Throughout Barnstable County, the Commonwealth, and the country, municipalities are struggling with the very real issue of too much trash with no place to put it, and the accompanying increase in handling costs. The Independent’s recent article on Provincetown’s town budget [Jan. 16, page 8] highlighted the fact that increased waste management costs are about equivalent to the overage in this year’s budget. While the select board grapples with the Herculean task of cutting costs, there are a few things we residents and even visitors can do to make a dent in the skyrocketing cost of handling our solid waste. Given that costs are tied to weight, here are some suggestions:
- Buy less stuff. Period. The less stuff we have, the less there will be to throw “away” later.
- When we do buy stuff, opt for the stuff with less packaging to throw “away.” Buy in bulk.
- Does it still work? Is it in good condition? Try donating it to the swap shop, Ruthie’s, or the Provincetown Mall (Methodist Church Thrift Store), and give someone else a chance to enjoy or employ it.
- Before clicking “check out” online, consider the packaging involved with that shipment, and whether the item can be purchased in person locally or even off Cape, with a little planning.
- Take advantage of our transfer station’s acceptance of textiles, mattresses, metal, wood, electronics, light bulbs, packing peanuts, and corrugated cardboard — none of those items should ever be thrown “away.”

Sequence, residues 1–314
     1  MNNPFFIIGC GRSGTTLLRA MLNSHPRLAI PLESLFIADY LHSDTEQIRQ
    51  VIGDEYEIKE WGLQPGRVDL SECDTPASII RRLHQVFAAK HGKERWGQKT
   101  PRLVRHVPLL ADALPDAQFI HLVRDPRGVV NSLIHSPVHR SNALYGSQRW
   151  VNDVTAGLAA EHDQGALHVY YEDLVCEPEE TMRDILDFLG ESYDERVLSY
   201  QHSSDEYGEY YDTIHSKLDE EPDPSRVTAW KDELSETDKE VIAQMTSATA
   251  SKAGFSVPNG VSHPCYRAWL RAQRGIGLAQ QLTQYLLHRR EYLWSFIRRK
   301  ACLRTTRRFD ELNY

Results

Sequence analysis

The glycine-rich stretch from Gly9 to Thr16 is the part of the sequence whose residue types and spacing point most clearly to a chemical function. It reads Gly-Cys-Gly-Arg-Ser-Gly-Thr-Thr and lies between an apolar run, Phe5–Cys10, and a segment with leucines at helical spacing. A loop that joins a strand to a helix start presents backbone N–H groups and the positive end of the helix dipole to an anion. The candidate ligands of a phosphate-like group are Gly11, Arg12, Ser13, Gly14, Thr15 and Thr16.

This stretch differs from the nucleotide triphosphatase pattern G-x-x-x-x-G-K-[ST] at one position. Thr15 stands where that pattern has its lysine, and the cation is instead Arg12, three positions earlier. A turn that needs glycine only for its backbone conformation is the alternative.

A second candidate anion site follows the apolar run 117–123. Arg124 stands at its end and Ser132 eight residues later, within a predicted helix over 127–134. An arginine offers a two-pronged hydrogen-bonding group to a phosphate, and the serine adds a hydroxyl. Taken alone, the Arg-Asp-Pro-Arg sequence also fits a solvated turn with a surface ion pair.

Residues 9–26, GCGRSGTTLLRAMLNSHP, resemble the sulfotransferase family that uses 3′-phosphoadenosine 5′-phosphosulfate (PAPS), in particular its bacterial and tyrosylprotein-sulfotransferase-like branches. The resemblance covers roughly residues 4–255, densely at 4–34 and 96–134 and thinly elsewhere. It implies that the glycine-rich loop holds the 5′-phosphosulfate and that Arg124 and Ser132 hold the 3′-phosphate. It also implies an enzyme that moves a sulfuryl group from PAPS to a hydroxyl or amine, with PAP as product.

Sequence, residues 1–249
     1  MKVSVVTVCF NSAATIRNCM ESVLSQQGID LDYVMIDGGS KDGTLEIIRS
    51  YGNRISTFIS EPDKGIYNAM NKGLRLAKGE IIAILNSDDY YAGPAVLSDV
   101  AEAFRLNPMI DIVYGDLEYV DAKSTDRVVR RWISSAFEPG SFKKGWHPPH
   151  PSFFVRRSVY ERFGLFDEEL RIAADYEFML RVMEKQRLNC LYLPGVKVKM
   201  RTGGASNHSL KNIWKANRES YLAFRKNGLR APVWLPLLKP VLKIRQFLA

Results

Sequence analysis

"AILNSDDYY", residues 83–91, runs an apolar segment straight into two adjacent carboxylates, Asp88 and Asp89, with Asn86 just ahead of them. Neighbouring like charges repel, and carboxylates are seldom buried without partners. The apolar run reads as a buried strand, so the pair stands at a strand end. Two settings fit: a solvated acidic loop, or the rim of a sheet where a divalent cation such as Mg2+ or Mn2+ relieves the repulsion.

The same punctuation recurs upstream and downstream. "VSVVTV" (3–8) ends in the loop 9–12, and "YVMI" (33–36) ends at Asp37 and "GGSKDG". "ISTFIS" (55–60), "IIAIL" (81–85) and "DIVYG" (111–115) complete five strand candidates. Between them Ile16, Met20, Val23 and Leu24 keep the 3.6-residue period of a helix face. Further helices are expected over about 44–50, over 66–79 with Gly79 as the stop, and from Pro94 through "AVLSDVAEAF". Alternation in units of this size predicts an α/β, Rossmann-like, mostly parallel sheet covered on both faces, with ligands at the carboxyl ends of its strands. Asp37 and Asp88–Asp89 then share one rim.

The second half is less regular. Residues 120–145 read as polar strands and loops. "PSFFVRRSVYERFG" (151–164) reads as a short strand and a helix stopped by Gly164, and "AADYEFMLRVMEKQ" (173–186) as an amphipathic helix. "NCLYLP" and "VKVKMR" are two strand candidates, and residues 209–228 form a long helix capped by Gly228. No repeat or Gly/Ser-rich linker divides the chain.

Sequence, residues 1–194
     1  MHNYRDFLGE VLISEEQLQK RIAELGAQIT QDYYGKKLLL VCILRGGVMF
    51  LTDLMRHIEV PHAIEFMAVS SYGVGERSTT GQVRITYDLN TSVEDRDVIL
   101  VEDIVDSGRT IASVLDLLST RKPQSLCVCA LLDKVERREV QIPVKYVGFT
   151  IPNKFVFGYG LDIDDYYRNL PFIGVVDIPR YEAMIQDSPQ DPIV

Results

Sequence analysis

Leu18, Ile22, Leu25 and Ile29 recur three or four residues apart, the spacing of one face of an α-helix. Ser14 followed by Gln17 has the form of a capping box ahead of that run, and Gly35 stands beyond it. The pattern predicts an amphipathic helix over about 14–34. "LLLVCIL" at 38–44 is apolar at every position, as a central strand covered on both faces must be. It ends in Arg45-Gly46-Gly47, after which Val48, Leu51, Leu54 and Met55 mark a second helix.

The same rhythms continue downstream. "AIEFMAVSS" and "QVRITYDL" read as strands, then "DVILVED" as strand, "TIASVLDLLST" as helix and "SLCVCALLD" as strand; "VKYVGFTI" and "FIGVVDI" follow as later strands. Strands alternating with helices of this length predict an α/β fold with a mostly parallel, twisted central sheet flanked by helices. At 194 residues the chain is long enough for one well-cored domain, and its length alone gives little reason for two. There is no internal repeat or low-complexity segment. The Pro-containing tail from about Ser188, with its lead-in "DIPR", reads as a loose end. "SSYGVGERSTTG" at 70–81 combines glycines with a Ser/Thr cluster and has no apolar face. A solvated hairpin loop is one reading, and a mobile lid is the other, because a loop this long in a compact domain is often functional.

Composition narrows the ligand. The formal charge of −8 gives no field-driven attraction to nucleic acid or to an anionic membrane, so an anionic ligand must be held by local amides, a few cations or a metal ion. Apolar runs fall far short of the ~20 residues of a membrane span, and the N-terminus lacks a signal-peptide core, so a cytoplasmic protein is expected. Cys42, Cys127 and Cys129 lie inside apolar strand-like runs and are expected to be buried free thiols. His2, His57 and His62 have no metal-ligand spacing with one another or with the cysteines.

- Compost all the organics. Even in our little hamlet with a rat problem, there are ways of composting household food scraps so as to remove 30 to 40 percent of the weight of our solid waste while not attracting varmints. Vermiculture is one way; a well-managed, contained backyard composter is another. Ask someone who is doing it already for advice.
- Understand that recycling is a myth when it comes to most plastics, and any choice you can make that is not a single-use plastic item will ultimately reduce the waste load — especially since trash and recyclables now cost the same per ton for the town to handle.
- Push for change. We consumers can only do so much with our individual choices. Ask your reps to support legislation that encourages Extended Producer Responsibility, where the manufacturer is required to take back and recycle or re-integrate the item at the end of its life.
Provincetown already has a great track record in regulating our trash and recycling, probably because we are immersed in an environment adversely affected by pollution (the ocean). We led the Cape in banning plastic bags back in 2015, and we have since phased out plastic straws and #6 Polystyrene. The town collects and recycles cigarette butts in an effort to keep the streets and beaches clean. We install more free filtered water bottle-filling stations every year, and single-use plastic water bottles may be on their way out. Helium balloons have been banned since 1993! Making small shifts to our habits, and occasional big shifts to our way of thinking, will help the town reduce its costs for dealing with our waste.
Bottom line: there is no “away.” Our convenient trash and recycling collection allows us to think we’ve done our part by lugging the stuff to the curb — but we can make the most difference long before that step.
Laura Ludwig is coordinator of the Marine Debris & Plastics Program at the Center for Coastal Studies in Provincetown.